Friday, October 12, 2007


I have no classes on Thursdays so I was relaxing in my yard reading an article from a five-year old copy of The New Yorker. Suddenly the afternoon’s calm was broken by loud crackling and popping from somewhere nearby. My host father ran to the road to look. Someone passing by yelled, “Come quick, there’s a barn fire down at the old Kapanadze place,” or something of the sort.

Most everyone in the neighborhood rushed down the road to find a small barn engulfed in flames. With no hose or source of water, we rushed to remove any flammable items near the barn so the fire didn’t spread. We ran to and fro, carrying away heaps of dried corn stalks that had been laid against the fence to dry. Some pulled out the fence posts to make room for the fire truck. Busy as we were, neighbors still stopped to shake hands and greet one another and ask about each other’s families.

The fire department arrived a few minutes later in two fire engines still painted with CCCP on the side. They rushed in and turned the hoses on. Neighbors walked up to the firemen to point out spots they felt the hose should be focused on. Children crawled under the fence to stand beside the firemen as they worked. I jogged home to grab my camera and began taking pictures of their efforts. The villagers found that quite amusing.

My host mother heard from the neighbors that I’d been one of the first to help at the fire and seemed quite pleased. I text-messaged a few other volunteers to tell them about it. One wrote back, “That’s like a story I read about in one of those Peace Corps magazines.”

Actually it wasn’t very dramatic. My efforts were really minor and the danger was nonexistent. But let’s not discount the minor scratches on my arm from the corn stalks or that I’ll have to wash my clothes because they reek of smoke. And I’ll have to wash them by hand. Okay, so maybe it wasn’t a very big deal.

But since I won’t be home for another 9+ months, I have lots of time to dream up dramatic details. Don’t be surprised if the next time you hear this story it includes singed hair and clothes, me rushing into the flames to save a litter of puppies, and the locals carrying me home on their shoulders while singing “For He’s a Jolly Good Fellow.”

Which nobody can deny.


Last year’s Breast Health Awareness event in Kutaisi was a big success and this year was no different. Hundreds attended, as well as the first lady of Georgia, the US Ambassador and dozens of Peace Corps volunteers. The event is an awareness campaign to encourage Georgian women to get screened for breast cancer. The attendance of the first lady was especially helpful for drawing media attention to the event. The TV news came in force, but she still had time for a brief interview by a Peace Corps volunteer named Ryan Nickum.

Last year my role was to photograph the event. I was informed by the event’s organizers that what they really wanted were good photos of the 1st lady, so I turned into the paparazzi and took as many photos as I could. More than a couple times I caught her looking at me inquisitively, as if asking herself, “Who is this creep?” Either she didn’t remember me from the previous event or else she has incredible patience. She politely accepted my request to interview her and gave all her answers in English. The interview was difficult, as I had to do it while walking backwards since she was at the front of the walk.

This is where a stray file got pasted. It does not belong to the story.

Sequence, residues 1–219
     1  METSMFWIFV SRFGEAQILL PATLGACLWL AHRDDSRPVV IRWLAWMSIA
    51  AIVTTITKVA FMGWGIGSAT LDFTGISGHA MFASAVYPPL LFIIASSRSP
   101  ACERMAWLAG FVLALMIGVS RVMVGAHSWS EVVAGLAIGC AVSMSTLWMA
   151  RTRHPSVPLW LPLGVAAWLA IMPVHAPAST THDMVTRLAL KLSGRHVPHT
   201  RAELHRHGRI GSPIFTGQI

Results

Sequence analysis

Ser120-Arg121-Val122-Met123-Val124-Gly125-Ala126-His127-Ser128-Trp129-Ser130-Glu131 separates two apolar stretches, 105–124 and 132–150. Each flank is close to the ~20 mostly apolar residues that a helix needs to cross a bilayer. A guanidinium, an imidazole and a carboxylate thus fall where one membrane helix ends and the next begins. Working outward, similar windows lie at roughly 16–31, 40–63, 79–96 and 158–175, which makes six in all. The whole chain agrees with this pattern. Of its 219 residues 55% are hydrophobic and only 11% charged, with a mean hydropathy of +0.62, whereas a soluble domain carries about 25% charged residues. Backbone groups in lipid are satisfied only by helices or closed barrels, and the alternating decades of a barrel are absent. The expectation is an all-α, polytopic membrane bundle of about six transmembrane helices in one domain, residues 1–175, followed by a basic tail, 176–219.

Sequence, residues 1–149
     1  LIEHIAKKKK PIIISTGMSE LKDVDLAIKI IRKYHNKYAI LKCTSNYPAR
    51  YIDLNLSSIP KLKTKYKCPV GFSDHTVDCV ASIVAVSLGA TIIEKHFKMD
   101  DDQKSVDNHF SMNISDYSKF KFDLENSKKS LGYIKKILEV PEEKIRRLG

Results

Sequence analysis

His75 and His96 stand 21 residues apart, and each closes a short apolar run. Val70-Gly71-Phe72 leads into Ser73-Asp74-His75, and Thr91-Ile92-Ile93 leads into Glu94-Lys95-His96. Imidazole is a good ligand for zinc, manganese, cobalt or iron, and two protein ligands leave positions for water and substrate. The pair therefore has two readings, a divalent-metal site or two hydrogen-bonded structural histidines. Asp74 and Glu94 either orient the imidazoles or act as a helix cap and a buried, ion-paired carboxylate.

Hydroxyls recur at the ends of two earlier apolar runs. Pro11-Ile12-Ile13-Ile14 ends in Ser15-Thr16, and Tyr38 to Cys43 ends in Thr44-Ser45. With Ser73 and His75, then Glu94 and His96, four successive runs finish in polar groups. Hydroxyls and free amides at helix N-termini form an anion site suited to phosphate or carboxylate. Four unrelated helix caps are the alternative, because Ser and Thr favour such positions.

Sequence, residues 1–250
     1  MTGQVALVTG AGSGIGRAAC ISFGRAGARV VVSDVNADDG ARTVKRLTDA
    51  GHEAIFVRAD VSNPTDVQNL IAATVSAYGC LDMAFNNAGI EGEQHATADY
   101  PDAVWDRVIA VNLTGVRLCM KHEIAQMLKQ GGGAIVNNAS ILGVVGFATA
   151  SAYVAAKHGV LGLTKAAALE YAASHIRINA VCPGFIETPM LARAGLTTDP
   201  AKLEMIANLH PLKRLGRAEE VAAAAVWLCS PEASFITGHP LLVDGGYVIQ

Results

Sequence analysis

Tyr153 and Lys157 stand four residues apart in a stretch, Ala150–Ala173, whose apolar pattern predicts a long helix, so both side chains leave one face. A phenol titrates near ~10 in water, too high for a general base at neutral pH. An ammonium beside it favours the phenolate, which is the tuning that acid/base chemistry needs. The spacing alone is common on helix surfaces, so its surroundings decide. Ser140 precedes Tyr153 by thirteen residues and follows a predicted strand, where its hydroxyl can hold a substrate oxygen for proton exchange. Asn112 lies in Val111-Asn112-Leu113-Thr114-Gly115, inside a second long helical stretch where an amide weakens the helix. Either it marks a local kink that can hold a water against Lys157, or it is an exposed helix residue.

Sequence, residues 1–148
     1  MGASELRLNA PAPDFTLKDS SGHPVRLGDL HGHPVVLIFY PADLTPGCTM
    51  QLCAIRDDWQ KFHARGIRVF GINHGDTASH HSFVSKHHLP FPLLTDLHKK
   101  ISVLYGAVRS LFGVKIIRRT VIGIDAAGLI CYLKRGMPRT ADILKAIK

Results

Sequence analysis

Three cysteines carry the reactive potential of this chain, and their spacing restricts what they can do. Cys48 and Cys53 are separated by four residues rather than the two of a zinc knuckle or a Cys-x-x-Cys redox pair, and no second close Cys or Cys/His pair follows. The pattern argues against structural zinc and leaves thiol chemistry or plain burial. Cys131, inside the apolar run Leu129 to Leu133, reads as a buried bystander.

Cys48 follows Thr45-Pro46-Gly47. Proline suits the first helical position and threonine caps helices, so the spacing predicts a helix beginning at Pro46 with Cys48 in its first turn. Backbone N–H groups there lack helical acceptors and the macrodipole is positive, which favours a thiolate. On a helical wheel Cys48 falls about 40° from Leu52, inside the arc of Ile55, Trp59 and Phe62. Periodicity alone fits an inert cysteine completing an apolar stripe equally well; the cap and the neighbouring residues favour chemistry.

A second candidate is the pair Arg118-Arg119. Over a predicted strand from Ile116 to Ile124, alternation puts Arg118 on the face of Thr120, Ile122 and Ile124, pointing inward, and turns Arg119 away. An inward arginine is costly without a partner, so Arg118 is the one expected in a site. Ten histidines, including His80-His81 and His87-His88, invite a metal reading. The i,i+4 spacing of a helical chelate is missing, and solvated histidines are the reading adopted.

In the end I walked away with some really good quotes, which was especially helpful because I’d failed to turn on my audio recorder when I interviewed the US Ambassador and thus didn’t have any quotes from that. My journalism skills are rusty.

Manana is the hardest working woman in Georgia. She was our technical trainer and is also a teacher in a local school in my area. She’s been incredibly helpful when Jeff (my site-mate) and I try to do any secondary projects. In addition to teaching school, she privately tutors dozens of students after school, plans her lessons at home, and maintains a household. She puts our work ethic to total shame.

In Georgia, women do all the cooking, even on their birthdays. Last year Jeff and I promised to cook her dinner the next year on her birthday. Manana and her family were busy with the grape harvest when Jeff and arrived. Her husband and youngest son gave us a tour of the wine making operation and let us taste the various vintages. Fresh grape juice is delicious, as is the 4 day old white and 2 day old red and the year old white...

Then we started cooking. We don’t know how to make Georgian food so we made scalloped potatoes, garlic cheese bread, tomato and cucumber salad, and chicken in a mushroom cream sauce. We were quite proud of our culinary achievement and Manana was very pleased.

However, most Georgians do not like different food. They’ve developed a cuisine over the years that they are quite fond of and feel no need to supplement it. I once gave my host sister a piece of cheddar cheese and she spit it out in the yard. So our dinner wasn’t exactly scarfed down, but everyone was polite. I hope Manana likes leftovers.

Last year I tried to start a couple of English clubs after school. The plan was to show movies, read magazine articles and have conversations in English about it. It’s been successful at many other schools, but I had no luck. Students did not attend.

This year I tried again. I asked a number of older students if they’d be interested in such a club. They were enthusiastic and promised to come. So at 2:30 on Wednesday I hosted the club in the English classroom. The picture below shows the level of attendance and my success.


Anonymous Heidi said...

Your classroom is beautiful, you ungrateful wench.

6:28 AM  

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